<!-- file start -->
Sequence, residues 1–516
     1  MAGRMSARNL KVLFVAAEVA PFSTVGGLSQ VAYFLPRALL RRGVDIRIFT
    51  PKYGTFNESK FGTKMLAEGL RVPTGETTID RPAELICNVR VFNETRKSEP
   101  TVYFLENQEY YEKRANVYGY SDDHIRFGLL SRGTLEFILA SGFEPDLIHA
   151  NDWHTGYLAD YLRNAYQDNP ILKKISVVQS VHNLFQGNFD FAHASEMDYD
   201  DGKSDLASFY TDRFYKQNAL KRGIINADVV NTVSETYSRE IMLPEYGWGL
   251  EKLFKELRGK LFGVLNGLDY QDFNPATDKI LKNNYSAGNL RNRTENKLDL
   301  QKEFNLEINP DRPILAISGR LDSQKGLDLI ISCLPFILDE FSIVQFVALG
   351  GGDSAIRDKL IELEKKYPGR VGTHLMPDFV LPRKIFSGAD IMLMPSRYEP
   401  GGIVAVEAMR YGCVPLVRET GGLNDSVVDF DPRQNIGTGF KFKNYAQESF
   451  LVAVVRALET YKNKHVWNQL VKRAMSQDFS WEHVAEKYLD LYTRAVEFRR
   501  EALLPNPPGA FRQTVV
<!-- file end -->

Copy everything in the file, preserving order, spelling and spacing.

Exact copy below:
Sequence, residues 1–516
     1  MAGRMSARNL KVLFVAAEVA PFSTVGGLSQ VAYFLPRALL RRGVDIRIFT
    51  PKYGTFNESK FGTKMLAEGL RVPTGETTID RPAELICNVR VFNETRKSEP
   101  TVYFLENQEY YEKRANVYGY SDDHIRFGLL SRGTLEFILA SGFEPDLIHA
   151  NDWHTGYLAD YLRNAYQDNP ILKKISVVQS VHNLFQGNFD FAHASEMDYD
   201  DGKSDLASFY TDRFYKQNAL KRGIINADVV NTVSETYSRE IMLPEYGWGL
   251  EKLFKELRGK LFGVLNGLDY QDFNPATDKI LKNNYSAGNL RNRTENKLDL
   301  QKEFNLEINP DRPILAISGR LDSQKGLDLI ISCLPFILDE FSIVQFVALG
   351  GGDSAIRDKL IELEKKYPGR VGTHLMPDFV LPRKIFSGAD IMLMPSRYEP
   401  GGIVAVEAMR YGCVPLVRET GGLNDSVVDF DPRQNIGTGF KFKNYAQESF
   451  LVAVVRALET YKNKHVWNQL VKRAMSQDFS WEHVAEKYLD LYTRAVEFRR
   501  EALLPNPPGA FRQTVV